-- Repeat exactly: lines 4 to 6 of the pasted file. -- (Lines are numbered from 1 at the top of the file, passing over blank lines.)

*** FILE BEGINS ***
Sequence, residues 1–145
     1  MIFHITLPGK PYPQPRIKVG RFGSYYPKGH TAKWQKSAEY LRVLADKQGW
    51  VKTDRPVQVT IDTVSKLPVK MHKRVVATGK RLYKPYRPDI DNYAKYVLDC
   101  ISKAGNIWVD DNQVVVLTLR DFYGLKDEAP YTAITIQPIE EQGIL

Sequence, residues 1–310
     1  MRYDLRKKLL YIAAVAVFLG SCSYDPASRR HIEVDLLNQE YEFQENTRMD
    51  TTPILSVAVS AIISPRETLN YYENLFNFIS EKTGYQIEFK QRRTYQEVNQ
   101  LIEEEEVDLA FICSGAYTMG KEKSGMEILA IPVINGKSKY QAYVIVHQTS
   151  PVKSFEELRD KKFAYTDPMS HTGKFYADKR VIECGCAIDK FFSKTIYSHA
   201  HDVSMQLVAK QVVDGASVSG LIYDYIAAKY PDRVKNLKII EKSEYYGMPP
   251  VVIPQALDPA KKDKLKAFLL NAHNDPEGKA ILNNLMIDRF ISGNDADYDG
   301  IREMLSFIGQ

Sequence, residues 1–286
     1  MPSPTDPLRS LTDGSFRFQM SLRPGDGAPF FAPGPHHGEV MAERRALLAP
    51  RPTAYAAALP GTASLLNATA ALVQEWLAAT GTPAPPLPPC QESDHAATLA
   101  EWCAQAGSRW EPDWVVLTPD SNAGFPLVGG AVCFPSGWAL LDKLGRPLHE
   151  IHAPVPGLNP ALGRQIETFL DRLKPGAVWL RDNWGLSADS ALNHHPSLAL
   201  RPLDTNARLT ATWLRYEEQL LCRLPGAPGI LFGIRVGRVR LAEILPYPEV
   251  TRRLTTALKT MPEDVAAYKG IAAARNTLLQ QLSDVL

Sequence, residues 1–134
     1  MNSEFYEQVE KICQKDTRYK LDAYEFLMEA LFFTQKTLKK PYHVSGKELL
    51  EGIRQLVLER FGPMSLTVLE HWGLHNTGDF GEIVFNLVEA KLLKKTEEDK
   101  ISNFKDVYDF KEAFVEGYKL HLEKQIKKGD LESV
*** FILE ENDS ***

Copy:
   101  ISKAGNIWVD DNQVVVLTLR DFYGLKDEAP YTAITIQPIE EQGIL

Sequence, residues 1–310
     1  MRYDLRKKLL YIAAVAVFLG SCSYDPASRR HIEVDLLNQE YEFQENTRMD